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There should be two articles here... Sunspeck 03:58, 11 December 2006 (UTC)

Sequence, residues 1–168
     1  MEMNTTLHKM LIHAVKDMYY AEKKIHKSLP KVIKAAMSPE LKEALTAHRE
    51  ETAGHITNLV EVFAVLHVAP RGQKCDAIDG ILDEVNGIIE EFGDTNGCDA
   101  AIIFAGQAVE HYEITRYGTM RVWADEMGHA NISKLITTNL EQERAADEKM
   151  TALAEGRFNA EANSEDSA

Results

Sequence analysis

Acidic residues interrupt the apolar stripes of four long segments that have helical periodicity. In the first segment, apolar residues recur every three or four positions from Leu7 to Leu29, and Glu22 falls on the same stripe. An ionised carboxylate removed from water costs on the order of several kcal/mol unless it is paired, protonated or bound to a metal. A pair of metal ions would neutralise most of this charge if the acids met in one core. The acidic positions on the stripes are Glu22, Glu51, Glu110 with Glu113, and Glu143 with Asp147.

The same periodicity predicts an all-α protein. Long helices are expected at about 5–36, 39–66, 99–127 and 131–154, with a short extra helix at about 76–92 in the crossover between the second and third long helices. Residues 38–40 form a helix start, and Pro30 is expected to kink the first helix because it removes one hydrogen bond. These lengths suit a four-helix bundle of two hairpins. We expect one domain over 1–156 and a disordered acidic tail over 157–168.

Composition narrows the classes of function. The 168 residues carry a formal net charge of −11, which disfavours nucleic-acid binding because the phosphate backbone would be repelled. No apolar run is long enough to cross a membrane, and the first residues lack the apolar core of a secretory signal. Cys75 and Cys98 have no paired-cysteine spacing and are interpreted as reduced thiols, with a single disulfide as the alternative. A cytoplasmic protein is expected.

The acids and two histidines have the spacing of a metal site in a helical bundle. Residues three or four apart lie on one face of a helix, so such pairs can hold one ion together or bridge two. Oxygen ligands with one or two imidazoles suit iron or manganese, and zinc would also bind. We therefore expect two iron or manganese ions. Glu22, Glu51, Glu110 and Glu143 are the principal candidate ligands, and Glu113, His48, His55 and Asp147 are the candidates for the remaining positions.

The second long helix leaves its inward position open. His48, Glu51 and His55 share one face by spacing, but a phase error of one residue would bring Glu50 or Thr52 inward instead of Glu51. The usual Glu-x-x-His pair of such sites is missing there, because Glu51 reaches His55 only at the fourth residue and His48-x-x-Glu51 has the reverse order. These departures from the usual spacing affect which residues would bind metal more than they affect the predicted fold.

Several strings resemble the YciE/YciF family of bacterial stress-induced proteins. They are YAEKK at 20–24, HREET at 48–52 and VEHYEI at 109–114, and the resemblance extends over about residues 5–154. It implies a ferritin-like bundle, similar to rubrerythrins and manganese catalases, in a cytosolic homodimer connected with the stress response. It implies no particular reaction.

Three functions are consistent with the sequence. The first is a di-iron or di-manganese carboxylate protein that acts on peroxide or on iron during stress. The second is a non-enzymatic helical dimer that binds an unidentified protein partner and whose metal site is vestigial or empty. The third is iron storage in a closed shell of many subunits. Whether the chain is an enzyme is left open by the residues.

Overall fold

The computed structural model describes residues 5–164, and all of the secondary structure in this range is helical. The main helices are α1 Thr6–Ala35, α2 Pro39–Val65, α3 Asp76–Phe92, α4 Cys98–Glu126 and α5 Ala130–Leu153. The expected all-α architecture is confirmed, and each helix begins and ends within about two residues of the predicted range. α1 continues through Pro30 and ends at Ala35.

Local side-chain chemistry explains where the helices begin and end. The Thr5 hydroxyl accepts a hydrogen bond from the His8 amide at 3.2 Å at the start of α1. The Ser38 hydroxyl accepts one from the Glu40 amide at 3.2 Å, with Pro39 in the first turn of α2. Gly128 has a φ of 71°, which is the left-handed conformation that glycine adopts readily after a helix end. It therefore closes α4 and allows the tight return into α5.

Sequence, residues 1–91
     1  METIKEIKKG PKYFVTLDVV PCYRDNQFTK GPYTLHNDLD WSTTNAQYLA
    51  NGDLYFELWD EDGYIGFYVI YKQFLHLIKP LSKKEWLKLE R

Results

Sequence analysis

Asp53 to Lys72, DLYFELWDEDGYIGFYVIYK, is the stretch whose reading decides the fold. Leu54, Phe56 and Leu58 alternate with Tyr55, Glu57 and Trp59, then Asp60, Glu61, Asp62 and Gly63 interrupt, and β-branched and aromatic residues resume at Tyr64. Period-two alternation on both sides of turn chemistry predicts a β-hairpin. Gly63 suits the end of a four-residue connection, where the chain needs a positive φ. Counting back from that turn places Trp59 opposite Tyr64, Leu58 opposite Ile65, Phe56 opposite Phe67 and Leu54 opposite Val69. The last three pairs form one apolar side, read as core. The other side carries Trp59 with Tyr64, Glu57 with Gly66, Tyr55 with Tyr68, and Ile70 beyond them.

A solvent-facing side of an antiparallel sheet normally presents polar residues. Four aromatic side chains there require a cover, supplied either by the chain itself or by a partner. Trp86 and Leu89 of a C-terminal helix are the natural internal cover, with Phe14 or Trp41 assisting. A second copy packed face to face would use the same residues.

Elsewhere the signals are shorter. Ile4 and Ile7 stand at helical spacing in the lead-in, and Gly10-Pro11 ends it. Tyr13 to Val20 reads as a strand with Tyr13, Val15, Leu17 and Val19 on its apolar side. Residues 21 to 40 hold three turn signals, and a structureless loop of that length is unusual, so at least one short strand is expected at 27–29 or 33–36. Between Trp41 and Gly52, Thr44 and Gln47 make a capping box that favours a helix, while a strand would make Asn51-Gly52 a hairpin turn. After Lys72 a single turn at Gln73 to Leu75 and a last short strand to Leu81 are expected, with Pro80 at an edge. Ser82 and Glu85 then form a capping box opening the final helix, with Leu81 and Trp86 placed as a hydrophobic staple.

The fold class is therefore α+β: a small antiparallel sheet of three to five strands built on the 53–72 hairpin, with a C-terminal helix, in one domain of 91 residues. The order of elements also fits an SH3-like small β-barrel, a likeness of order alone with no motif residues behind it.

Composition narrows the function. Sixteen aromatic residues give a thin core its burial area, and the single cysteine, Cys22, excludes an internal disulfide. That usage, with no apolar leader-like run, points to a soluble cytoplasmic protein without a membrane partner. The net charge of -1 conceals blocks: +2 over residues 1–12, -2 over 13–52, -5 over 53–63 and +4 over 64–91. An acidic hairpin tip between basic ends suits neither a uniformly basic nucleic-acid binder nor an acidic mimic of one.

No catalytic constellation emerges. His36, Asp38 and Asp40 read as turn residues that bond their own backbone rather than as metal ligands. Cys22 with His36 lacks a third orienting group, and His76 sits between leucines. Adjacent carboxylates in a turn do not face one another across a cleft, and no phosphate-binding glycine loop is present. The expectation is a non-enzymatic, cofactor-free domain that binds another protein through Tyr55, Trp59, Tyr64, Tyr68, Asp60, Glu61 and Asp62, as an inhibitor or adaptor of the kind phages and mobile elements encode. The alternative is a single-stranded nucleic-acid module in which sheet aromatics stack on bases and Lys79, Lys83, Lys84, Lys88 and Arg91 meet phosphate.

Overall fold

A fuller used TENTERHOOKS as far back as the fourteenth century in the process of making woollen cloth. The woven cloth still contained oil and some dirt from the fleece. The fuller - also known as a tucker or walker, or a waulker in Scotland - cleaned the woollen cloth in a fulling mill. She then dried it carefully outdoors to prevent shrinkage by placing the wet cloth on a large wooden frame, known as a tenter - from the Latin tendere, meaning to stretch. She stretched the cloth upon it using hooks or nails driven through the perimeter of the frame. The cloth perimeter, or selvage thus fixed, would dry; its shape and size maintained by the tenter. At one time, a common sight in manufacturing areas would be to see tenter-fields filled with these frames. By the mid-eighteenth century the phrase, on tenterhooks came into use to mean being in a state of uneasiness, anxiety, or suspense, stretched like a cloth on the tenter. — Preceding unsigned comment added by 18.104.22.168 (talk) 07:05, 4 October 2011 (UTC)